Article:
'Most Of Our Church Family Is Gone': 26 Dead In Church Shooting In South Texas
Twenty-six people are dead after a mass shooting at a church in Sutherland Springs, Texas, about 30 miles east of San Antonio.
Gov. Greg Abbott called it "the largest mass shooting in our state's history."
(This post has been updated throughout as information has become available)
The shooting occurred at the First Baptist Church around 11:20 am on Sunday morning. According to law enforcement, 26-year-old Devin Patrick Kelley opened fire with a military-style assault rifle. Wilson County Sheriff Joe Tackitt says Kelley's in-laws worshipped at the church from time to time. Officials said at a late morning press conference Monday that Kelley had sent threatening text messages to his mother-in-law and that the shooting may have stemmed from a "domestic situation."
Kelley fled the scene when confronted by armed citizens, which led to a high-speed chase. Authorities found Kelley dead in his car several miles from the scene. Tackitt says it appears the gunman died from a self-inflicted gunshot wound.
The victims of the shooting range from 18 months to 77 years of age.
Tackitt says some did escape alive.
"Everyone had blood on them when they came out, so it was hard to tell at the beginning," he said. "But there were some that came out uninjured."
Tackitt personally knew one of the families and says the scene will stay with him.
"When I walked in I saw a lot of bodies lying around," he said. "Mothers were trying to cover their children. It was just bad."
NPR has more on the gunman’s background:
Kelley previously served in the U.S. Air Force in Logistics Readiness at Holloman Air Force Base in New Mexico from 2010 until he received a bad conduct discharge in 2014, Air Force spokeswoman Ann Stefanek confirmed in an email to NPR. He was court-martialed in 2012 for assaulting his wife and child.
Law enforcement officials say Kelley had three guns with him.
Monday afternoon Col. Don Christensen (ret.), who was the chief prosecutor of the Air Force at the time of Devin Patrick Kelley's court-martial, told NPR that Kelley’s conviction legally barred him from possessing firearms under federal law.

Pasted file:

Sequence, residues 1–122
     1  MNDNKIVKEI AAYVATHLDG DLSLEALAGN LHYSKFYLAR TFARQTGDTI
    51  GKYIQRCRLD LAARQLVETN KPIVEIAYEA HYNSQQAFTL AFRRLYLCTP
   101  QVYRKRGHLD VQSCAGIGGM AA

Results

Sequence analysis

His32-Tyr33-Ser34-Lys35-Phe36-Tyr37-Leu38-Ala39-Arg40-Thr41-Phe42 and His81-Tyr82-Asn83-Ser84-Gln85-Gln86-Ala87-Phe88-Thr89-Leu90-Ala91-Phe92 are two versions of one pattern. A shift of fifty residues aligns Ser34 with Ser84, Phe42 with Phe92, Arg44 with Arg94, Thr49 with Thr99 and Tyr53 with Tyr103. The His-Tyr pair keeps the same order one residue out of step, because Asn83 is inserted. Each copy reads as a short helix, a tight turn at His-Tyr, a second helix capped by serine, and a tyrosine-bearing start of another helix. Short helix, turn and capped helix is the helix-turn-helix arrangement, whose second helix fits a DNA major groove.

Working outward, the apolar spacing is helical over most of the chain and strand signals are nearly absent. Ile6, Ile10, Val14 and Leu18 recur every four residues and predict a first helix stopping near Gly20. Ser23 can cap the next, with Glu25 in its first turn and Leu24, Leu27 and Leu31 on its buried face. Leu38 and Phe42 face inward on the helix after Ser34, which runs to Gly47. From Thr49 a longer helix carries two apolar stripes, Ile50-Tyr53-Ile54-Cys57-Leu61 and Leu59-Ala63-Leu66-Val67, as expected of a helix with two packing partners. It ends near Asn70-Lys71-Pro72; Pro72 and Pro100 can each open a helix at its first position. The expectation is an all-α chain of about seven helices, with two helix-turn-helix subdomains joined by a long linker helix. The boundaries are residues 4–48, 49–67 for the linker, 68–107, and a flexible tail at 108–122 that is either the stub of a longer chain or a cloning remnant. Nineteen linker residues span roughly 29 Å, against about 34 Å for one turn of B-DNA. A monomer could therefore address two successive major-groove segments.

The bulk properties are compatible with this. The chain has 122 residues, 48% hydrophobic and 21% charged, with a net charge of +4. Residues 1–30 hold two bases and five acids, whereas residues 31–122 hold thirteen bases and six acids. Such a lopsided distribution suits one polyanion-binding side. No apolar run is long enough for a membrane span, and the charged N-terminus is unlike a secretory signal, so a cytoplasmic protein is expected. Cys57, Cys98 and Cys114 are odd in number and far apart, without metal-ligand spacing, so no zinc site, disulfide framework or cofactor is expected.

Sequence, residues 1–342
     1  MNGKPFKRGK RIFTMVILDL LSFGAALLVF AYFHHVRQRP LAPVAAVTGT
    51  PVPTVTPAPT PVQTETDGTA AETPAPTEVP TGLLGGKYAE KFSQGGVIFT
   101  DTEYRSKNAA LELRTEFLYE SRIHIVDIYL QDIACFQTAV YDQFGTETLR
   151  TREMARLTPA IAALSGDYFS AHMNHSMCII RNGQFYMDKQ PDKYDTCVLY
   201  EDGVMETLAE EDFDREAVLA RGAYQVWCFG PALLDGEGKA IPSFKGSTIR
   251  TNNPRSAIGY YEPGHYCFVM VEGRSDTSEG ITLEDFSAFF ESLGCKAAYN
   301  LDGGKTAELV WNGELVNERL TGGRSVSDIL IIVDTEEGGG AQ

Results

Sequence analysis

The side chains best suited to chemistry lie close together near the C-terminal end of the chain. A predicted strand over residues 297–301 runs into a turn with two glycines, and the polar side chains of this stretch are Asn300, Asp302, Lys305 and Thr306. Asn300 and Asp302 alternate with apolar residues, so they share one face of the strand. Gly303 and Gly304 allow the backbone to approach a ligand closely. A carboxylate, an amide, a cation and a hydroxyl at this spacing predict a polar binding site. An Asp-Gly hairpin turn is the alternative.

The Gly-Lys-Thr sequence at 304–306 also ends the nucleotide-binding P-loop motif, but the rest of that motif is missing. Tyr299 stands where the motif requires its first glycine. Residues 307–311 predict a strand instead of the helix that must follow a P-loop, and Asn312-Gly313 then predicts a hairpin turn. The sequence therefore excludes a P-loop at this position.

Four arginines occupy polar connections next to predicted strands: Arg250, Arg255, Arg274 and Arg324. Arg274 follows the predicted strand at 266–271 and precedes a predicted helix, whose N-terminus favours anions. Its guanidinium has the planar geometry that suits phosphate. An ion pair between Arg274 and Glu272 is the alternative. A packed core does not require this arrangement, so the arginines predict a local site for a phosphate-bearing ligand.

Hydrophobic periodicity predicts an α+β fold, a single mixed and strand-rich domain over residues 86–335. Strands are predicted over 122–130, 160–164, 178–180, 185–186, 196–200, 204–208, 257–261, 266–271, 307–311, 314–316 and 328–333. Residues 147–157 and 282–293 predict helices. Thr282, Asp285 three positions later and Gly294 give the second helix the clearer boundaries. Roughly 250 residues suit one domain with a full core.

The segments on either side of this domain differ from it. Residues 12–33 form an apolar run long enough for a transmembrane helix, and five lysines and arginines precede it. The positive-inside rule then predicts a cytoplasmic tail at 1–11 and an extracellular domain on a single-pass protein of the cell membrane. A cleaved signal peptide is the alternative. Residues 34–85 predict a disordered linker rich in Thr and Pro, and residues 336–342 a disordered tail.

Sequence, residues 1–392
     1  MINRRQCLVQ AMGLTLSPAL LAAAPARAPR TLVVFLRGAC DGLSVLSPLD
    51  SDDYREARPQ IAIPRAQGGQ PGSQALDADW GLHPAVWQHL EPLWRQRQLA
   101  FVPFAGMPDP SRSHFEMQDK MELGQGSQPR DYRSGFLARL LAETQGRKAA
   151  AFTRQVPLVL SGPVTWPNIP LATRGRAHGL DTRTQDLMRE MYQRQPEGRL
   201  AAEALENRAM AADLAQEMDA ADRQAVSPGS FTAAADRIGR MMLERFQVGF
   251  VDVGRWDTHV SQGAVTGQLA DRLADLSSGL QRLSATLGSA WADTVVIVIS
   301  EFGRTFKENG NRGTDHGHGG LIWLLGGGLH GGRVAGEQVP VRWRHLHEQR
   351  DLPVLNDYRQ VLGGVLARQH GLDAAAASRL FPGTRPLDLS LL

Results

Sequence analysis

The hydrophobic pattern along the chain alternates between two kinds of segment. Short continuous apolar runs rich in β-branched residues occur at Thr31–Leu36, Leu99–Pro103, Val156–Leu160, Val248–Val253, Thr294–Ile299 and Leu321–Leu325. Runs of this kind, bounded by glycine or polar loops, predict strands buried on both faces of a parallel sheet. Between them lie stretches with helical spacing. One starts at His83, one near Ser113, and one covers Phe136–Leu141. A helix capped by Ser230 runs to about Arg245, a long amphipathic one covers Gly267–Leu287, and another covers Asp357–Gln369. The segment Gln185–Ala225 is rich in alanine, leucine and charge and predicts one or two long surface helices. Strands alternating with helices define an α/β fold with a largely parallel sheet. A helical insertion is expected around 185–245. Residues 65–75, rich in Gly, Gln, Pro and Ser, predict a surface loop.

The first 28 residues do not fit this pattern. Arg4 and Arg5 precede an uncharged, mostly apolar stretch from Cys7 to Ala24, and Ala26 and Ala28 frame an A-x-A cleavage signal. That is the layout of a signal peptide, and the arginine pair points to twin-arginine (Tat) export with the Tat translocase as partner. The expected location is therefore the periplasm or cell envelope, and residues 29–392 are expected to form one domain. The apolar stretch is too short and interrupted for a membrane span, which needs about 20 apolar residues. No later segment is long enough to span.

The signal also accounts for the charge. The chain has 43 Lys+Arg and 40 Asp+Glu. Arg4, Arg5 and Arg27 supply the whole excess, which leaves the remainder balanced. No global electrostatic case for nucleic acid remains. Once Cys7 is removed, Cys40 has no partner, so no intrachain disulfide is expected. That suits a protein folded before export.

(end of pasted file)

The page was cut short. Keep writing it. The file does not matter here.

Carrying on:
Kelley had passed a background check by the Texas Department of Public Safety to become a licensed unarmed security guard. In a statement released Monday by Texas water park chain Schlitterbahn, the company said Kelley worked for 5 1/2 weeks this summer at the park in New Braunfels as an unarmed night security guard. The company says his employment was terminated in July.
The shooter's most recent employer, Summit Vacation Resort, said he had only been on the job for about a month.
"He worked here for approximately five weeks. Nobody bonded with him. Nobody really spoke with him, other than training him to do his job," resort manager Claudia Varjabedian told KUT.
"He was not here on Sunday for his shift. We found out about 5:15 pm that he had done that, and that’s just about all we know about him. We don’t know anything.”
In an interview with CBS This Morning, Governor Abbott confirmed Kelley’s violent background.
“It’s clear this is a person who had violent tendencies,” Abbott says. “[He’s] someone who was a powder keg...waiting to go off.”
A law enforcement official told CNN that Kelley purchased a Ruger AR-556 rifle in April of 2016 from an Academy Sports & Outdoors in San Antonio:
When Kelley filled out the background check paperwork at the store, he checked the box to indicate he didn't have disqualifying criminal history, the official said. He listed an address in Colorado Springs, Colorado when he bought the rifle, the official said.
Monday afternoon Academy Sports and Outdoors confirmed the company had sold Kelley two firearms from two San Antonio stores. One in 2016 and one in 2017. The company said both purchases where, "...approved by the National Instant Criminal Background Check System."
Governor Abbott says Kelley was denied a license to carry permit in the State of Texas due to the answers, or lack thereof, provided on his official request. Abbott says this and Kelley’s violent background, should have prevented him from making this purchase.
“How that got through the cracks?” Abbott says. “I don’t have that information.”
Abbott says the evidence so far leads him to believe it was not a random act, but law enforcement has yet to confirm a connection between Kelley and the church.